by Jason Block, MD, MPH
VBLOC is approved based on randomized controlled trial
Does it work? The first study of it enrolled 294 patients, with 2/3 in the active treatment arm and 1/3 in a sham control arm. Sham participants had the generator and leads implanted but the device generated only minimal electrical impulses. After one year, weight loss was 17% of excess body weight in those actively treated and 16% in those in the control group. No statistical difference. Patients who used the device more (activation of the device required patients to wear an external controller) lost more weight.
A more recent study, this time with an updated device that provided 12 hours of stimulation without wearing an external controller, enrolled 239 patients. Again 2/3 received active treatment and 1/3 sham. This time, the sham control group did not have leads implanted but only a generator in the chest wall. At one year, those in the treatment arm lost 24% of excess body weight (9% of initial body weight) compared to 16% (6%) in the sham group. This was a significant difference though failed a pre-specified expected difference between treatment and control of 10%. Because of reasonable safety results (about 9% had a serious adverse events, with most of these related to the surgery itself), the FDA still approved the device for people with a BMI of 40 to 45 kg/m2 or 35 to 39.9 with an obesity-related comorbidity, such as diabetes, hypertension, or high cholesterol. The FDA also was reassured that the weight loss appeared to be maintained for the 18 months over which patients were followed.
FDA approves but does it make sense for patients?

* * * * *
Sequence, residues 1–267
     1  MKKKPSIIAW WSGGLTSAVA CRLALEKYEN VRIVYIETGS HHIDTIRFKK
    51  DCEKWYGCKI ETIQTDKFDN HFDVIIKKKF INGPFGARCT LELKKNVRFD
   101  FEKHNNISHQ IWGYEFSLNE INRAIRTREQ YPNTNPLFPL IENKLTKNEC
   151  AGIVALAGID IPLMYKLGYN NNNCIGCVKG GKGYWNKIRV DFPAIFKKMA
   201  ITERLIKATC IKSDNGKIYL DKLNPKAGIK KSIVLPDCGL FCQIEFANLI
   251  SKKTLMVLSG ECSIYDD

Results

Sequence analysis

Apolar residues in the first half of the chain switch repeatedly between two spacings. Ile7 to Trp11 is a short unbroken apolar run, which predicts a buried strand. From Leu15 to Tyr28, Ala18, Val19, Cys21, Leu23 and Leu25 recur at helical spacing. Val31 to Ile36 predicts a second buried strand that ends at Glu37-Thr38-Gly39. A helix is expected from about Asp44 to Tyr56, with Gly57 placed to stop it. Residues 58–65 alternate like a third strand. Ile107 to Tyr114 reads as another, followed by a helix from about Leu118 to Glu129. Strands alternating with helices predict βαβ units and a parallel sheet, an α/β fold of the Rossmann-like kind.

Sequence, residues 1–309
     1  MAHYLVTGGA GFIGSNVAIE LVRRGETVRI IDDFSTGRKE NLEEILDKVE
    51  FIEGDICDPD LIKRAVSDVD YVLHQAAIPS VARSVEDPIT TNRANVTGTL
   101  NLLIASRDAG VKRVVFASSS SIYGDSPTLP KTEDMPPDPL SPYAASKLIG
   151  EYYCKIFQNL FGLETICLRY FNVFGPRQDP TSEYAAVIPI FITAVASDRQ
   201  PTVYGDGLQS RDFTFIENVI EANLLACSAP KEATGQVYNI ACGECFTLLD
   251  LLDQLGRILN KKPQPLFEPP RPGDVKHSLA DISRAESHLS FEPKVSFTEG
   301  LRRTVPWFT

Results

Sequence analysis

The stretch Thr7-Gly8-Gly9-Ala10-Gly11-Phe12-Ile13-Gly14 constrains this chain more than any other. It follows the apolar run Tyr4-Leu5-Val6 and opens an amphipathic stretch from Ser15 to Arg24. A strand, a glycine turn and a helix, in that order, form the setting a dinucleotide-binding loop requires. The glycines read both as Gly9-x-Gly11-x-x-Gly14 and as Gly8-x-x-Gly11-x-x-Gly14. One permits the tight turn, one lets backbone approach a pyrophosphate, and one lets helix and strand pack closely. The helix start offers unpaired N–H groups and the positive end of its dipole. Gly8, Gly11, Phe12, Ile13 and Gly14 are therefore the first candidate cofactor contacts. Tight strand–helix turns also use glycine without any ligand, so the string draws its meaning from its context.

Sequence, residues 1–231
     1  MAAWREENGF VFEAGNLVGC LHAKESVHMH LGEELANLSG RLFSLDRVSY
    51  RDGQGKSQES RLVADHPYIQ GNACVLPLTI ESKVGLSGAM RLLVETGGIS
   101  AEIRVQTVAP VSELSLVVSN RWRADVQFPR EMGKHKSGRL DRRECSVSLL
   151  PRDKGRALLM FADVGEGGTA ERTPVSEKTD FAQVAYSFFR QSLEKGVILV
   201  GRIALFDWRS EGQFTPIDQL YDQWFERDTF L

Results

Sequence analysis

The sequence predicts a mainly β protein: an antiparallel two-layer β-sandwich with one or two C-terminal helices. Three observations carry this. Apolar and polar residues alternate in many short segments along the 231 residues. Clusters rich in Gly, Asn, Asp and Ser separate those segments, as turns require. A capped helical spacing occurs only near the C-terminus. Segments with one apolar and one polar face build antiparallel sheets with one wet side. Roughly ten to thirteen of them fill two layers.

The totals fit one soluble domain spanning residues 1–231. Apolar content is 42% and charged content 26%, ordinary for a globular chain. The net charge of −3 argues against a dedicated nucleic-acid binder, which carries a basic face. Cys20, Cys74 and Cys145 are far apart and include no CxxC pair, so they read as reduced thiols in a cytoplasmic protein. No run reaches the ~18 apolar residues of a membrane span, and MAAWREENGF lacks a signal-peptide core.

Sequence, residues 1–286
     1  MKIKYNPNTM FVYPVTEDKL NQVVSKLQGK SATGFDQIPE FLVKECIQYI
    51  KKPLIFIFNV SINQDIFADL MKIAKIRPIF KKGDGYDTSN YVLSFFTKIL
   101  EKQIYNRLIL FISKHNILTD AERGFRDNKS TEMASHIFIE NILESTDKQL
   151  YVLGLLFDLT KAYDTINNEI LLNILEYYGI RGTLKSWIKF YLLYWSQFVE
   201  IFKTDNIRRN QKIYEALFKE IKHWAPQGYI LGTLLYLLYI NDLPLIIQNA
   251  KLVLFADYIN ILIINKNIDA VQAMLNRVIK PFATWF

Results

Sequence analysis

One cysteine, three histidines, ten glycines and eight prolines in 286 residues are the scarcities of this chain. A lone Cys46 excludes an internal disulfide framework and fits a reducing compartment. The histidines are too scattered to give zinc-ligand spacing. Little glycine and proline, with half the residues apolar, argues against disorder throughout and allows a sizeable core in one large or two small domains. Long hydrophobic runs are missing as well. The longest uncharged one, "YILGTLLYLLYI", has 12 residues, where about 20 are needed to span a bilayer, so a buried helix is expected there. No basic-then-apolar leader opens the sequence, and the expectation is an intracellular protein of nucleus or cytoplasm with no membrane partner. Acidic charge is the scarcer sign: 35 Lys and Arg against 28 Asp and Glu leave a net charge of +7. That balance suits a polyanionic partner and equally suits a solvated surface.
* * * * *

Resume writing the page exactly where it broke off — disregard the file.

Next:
We also don’t know long-term results from VBLOC. Upon approval, the FDA required the manufacturer to conduct 5-year studies to assess long-term effectiveness and safety. Based on the 18 month data, the company estimated that ½ of patients would have their device extracted at 5 years, not a trivial amount. The expectation would be that many patients will regain any weight loss if they no longer have the device. If they want to keep the device active, eventually, all patients may have to undergo repeat surgeries to replace the device.
VBLOC has its advocates, with many stating that it provides one more option for patients with obesity. Like others, I’m a skeptic that VBLOC serves much of a role, if any. Weight loss with VBLOC, when compared to control groups, appears to be less than phentermine/topiramate, liraglutide, and naltrexone/bupropion. And, we haven’t yet seen any other benefits in metabolic or cardiovascular risk. Intensive lifestyle treatments achieve weight loss and metabolic benefits that are better, when compared to control groups. VBLOC seems less effective than alternatives yet is more costly and requires a surgery.
With all treatments for obesity, we are in desperate need of information about which patients benefit most from each treatment modality. With information like this, we might find a narrow subset of patients for whom VBLOC will be useful. We may even learn this with the 5 years trials that will be conducted. I will encourage my patients to stick with other treatments until then.